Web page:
This announcement comes just months after several groups, including the American Cancer Society said most women need a Pap smear only once every three years.
With the conflicting information, some women are confused about how often they should see their gynecologist. Many women think they should only see an OB/GYN physician for a Pap smear, but that couldn't be further from the truth.
"Gynecologic cancers are among my top concerns for patients," said Dr. Ronnie Dennis, an obstetrician and gynecologist (OB/GYN) at Rolling Plains Memorial Hospital (RPMH). "As with any type of cancer, appropriate screenings and preventive measures are key to ensure you remain healthy."
A Pap smear, which tests for cervical cancer, is not the same as a pelvic exam.
There are other gynecologic cancers that are tested for which are even more prevalent, such as endometrial cancers, with more than 35,000 women being diagnosed each year in the U.S.
Annual visits to an OB/GYN are an opportunity for women to talk with their physician about any possible health changes over the past year. They can also receive immunizations they may lack and screen for sexually transmitted infections, among other health risks.
By planning regular exams to go over genetic conditions and to determine risks, doctors can help catch diseases in their early stages when they are highly curable.
Regular examinations are not just cancer screenings, nor are they only for a certain age group.
Due to the various stages of the reproductive system certain cancers are more prevalent in particular age brackets.
Where the risk group for cervical cancer begins at the age of 21, the risk for endometrial cancers do not commonly occur until before the age of 40. Risk factors for endometrial cancers can include obesity, hypertension, infertility and the late onset of menopause.
"Obesity and other health issues can also lead to other prominent but less life threatening problems than cancer such as menstrual disorders, inflammation and sexual health issues," Dr. Dennis explained. "When working with various age groups, the diagnoses can differ, but the goal remains the same to keep my patients as healthy as possible."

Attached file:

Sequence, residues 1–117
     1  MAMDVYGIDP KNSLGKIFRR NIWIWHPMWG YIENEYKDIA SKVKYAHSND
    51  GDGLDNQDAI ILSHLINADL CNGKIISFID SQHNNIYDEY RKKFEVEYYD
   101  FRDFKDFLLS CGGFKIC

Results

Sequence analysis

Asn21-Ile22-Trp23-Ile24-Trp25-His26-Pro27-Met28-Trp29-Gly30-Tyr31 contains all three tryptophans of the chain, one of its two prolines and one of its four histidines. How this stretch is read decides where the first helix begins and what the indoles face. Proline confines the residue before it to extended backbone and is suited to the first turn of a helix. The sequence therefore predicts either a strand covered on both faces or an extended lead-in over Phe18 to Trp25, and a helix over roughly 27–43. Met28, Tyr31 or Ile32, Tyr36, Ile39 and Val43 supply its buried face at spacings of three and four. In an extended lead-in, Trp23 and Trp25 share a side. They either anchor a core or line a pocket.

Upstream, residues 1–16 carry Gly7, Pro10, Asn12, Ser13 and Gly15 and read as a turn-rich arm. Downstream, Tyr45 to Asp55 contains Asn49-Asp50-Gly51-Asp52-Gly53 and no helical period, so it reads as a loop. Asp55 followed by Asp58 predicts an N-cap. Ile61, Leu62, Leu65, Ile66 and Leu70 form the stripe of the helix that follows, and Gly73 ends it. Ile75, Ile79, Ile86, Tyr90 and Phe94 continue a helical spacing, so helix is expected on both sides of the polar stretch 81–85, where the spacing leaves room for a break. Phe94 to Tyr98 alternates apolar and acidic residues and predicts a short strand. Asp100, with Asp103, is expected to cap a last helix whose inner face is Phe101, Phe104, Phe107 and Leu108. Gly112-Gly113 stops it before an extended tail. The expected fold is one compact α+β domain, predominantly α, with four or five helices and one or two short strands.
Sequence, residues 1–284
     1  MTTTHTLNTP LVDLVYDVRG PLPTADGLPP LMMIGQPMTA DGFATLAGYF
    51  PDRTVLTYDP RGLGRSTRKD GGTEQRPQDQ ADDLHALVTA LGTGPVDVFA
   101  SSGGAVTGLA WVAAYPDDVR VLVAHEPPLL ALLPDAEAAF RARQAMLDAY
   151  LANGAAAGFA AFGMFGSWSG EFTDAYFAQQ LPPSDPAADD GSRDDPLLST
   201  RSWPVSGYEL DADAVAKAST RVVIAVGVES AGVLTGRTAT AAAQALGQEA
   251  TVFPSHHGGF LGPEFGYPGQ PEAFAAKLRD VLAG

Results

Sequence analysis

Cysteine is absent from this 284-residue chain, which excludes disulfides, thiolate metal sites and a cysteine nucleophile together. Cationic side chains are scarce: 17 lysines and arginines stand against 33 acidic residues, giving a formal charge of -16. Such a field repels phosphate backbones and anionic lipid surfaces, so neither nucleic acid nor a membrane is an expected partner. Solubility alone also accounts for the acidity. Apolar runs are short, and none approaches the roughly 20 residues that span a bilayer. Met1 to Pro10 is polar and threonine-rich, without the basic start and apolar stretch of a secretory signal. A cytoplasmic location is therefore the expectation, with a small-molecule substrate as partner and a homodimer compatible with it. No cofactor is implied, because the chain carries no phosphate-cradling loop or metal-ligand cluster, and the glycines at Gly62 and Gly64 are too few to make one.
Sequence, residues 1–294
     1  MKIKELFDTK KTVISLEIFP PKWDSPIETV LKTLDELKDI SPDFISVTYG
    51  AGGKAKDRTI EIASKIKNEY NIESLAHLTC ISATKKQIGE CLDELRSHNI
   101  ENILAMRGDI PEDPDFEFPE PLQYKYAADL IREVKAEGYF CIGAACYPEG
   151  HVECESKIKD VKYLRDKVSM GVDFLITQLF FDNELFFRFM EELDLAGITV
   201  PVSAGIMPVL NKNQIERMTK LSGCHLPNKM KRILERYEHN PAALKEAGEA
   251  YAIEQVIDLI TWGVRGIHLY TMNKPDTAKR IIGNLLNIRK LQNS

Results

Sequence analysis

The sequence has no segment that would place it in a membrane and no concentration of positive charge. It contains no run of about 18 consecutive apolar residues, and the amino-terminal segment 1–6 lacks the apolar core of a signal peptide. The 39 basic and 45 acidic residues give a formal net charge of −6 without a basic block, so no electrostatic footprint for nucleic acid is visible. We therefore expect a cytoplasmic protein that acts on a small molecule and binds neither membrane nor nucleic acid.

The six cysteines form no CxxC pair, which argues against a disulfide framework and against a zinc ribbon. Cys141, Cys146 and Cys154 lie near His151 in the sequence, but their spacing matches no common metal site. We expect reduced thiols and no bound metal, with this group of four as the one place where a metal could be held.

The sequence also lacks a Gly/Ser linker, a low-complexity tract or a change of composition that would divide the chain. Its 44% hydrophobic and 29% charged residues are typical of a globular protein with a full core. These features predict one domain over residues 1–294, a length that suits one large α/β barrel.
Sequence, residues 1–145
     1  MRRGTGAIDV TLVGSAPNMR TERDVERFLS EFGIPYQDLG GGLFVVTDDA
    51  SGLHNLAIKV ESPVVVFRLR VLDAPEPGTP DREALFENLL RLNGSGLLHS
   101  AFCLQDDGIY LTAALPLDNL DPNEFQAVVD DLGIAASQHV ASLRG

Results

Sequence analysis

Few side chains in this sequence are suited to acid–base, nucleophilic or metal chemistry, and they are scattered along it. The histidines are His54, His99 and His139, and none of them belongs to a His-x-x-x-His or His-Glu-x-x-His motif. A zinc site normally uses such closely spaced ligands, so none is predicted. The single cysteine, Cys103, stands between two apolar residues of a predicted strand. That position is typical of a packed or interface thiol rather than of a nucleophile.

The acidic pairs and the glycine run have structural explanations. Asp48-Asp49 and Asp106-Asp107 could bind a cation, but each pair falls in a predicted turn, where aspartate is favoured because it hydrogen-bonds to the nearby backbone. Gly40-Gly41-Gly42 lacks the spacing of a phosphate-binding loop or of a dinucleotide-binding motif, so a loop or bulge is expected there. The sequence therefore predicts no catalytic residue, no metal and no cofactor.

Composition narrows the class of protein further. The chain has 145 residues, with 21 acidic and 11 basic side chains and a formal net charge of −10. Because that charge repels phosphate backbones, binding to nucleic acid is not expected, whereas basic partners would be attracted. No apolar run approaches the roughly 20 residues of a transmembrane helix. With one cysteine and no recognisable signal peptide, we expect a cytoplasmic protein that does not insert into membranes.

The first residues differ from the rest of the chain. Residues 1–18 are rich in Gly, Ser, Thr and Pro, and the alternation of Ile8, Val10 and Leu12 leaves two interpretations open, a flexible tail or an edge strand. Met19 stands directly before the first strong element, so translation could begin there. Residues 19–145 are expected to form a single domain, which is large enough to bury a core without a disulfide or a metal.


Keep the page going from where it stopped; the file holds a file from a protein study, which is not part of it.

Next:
Dr. Dennis added that whether his patients are planning on having a baby in the future or just having some discomfort, reproductive well-being is important for a full and healthy life.
Some women still today do not feel the need for regular checkups when there are not known issues. The numbers have shown, regular checkups not only can help prevent cancer, inflammation, and sexual health issues but can also lead to security in family planning.
A doctor that you have built a relationship with will better understand your body and help manage your health and the health of your baby during your pregnancy.
This continuity of care will lead to trust and confidence in your doctor during pregnancy.
Confidence, a recent study suggested, is critical to helping relieve patients' anxieties towards birth.
"Finding problems, if any, during early stages and working to prevent reproductive diseases and damage before they can harm the patients' health is my ultimate goal," Dr. Dennis explained.
"Providing the necessary information on the risks and health issues is how I work to keep the women of Nolan County healthy."
For more information about gynecological screenings and to schedule an appointment with Dr. Ronnie Dennis, please call 325-235-1888.
Rolling Plains Memorial Hospital is a community-focused healthcare provider serving residents in Nolan County, Texas. Founded in 1976, Rolling Plains Memorial Hospital offers a wealth of medical services including: 24 hour emergency care, advanced radiology services including CT scanning and MRIs, outpatient lab, physical therapy, surgical services, swing bed services, patient education, home health and assistive services, and more. For additional information, please visit www.rpmh.net.